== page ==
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A sojourne in the mighty Moore plains


Crossing Moore plains on foot was attempted in early expeditions, however, now-a-days; nobody does that because the highway passes through the plains. I also trekked that plain by chance. My original plan was to trek the Darcha-lamayaru trek but could not do that because the shingo la was closed since I went for the trek quite early in the season. Actually, I had no option other than going for the trek in late May. I had some prior commitments in June.


When I reached dacha, I had two options, either I go back to Chandigarh or go for the Moore plains. Actually everyone who has travelled on the Manali Leh highway knows the highway but very few people knew about it in the good old days. The localites of Ladakh used to cross that plain on foot. City folks will never find any tour operator offering a trek in that part of Ladakh. I came to know about that 2-3 years back from a "gaddi " (shepherd). I met him during my Pin Parvati trek, he was an old guy. He told me about his journey.

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At that juncture, in darcha, I decided to go ahead for the Moore plains. At that time of the month reconstruction work was going on the highway and was not officially open. So there were very few vehicles on the road. I reached Moore plains by covering half of my journey on foot and half of journey by hitchhiking from the border road organization trucks. Well that was a boring part of the journey so I am not going to waste my energy on writing about it.

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The Moore plains start from Pang. One has to ascend a steep mountain from Pang to reach the plains. It is a straight 60-70 degree gradient climb. I did not take any pictures during that ascent. It was really a tough climb because during the whole climb I was regularly slipping as the soil on the mountain was loose due to lack of vegetation. I wish I had a GoPro camera at that time because the view from that place was spectacular, I was able to see a river bed, the Moore plains and the snow covered peaks of Ladakh in one frame.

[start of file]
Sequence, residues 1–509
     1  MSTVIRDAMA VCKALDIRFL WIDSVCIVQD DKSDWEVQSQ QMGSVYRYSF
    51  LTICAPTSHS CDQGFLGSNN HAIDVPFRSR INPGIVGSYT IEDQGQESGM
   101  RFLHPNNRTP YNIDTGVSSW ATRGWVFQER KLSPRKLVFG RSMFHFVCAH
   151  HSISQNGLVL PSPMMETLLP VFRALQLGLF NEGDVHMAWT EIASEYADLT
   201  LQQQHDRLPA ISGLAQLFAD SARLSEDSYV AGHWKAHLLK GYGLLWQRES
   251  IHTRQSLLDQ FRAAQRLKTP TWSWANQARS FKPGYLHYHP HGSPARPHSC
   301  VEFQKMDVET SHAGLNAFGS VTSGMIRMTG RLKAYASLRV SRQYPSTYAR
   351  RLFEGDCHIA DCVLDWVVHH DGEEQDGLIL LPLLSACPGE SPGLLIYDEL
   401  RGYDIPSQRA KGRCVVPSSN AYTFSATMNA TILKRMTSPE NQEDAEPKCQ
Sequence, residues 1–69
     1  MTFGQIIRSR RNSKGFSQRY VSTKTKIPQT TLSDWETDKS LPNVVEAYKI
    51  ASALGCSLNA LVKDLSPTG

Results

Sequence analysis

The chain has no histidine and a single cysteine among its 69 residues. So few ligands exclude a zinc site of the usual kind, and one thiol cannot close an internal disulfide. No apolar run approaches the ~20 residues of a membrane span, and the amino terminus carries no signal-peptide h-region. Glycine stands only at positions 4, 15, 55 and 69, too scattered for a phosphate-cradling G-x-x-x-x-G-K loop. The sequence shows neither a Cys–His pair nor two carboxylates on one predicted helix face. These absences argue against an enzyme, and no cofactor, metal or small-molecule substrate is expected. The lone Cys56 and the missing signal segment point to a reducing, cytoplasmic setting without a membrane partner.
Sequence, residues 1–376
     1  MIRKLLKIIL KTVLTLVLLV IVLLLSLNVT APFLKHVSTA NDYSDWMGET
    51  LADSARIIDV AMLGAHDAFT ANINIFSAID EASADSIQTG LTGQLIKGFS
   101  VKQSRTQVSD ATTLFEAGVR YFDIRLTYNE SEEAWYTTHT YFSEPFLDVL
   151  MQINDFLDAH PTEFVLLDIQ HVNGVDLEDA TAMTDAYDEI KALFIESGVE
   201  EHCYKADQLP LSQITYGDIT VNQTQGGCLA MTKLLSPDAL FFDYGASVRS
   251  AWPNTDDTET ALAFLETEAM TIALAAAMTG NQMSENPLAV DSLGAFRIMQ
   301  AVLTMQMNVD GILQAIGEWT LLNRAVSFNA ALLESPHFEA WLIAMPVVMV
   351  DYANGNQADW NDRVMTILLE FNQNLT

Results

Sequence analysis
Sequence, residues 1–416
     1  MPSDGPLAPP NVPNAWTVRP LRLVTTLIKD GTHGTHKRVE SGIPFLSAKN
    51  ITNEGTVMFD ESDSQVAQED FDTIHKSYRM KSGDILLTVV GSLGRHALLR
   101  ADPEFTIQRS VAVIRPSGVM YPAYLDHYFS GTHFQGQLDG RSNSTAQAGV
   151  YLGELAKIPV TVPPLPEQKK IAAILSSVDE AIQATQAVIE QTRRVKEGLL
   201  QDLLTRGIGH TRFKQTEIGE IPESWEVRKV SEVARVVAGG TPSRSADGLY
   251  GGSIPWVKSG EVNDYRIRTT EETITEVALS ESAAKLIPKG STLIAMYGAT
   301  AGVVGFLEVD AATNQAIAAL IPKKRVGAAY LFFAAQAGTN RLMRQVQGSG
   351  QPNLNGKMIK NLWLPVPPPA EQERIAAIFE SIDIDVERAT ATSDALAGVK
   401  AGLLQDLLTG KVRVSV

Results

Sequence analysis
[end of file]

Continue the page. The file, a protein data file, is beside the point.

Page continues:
The Moore plains are one of the most beautiful places that I have seen in my life, it is a 40km stretch of land with no human element, no vegetation and no water except it is flanked by snow covered mountains on both sides. The plains is dead flat and would be a perfect place for some off-road driving with a SUV. Now here comes the real adventure of my journey. I started my journey early in the morning and I was at the starting point of the plains at 8 A.M.

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The most difficult part while walking in the plains was the combined factor of the sun and wind. I faced the type of wind that one would face while riding a bike on a January night in Chandigarh at 40-50 km/hr and the sun one would face in bright cloudless May afternoon. The stretch of land was 40 Kilometers and completely devoid of water. I carried around 3 liters of water with me but that also did not prove to be sufficient. I trekked my last 10 Kilometers without a single drop of essential living liquid. I trekked incessantly for 12 hours as I could not erect my tent in the plains.

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Eventually I reached a place that was quite appropriate for the camping, but I was completely drained by that time. I had sunburns and most importantly I was at height around 4500 meters, I was near the taglangla pass. I was not able to sleep that night because of the high altitude breathlessness and mind bursting painful headache. Next day I crossed the pass and reached Rumste. I was lucky that I got some BRO(Border Roads organization) trucks at the pass. I stayed in Rumste for a day then went back to Chandigarh via Leh -Srinagar route.

About Author:

Profession: Student of Engineering,

I am passionate about adventure sports, specially trekking, rafting, and traveling. I can give anything for trekking to an untouched and unexplored pristine terrain of Himalayas.

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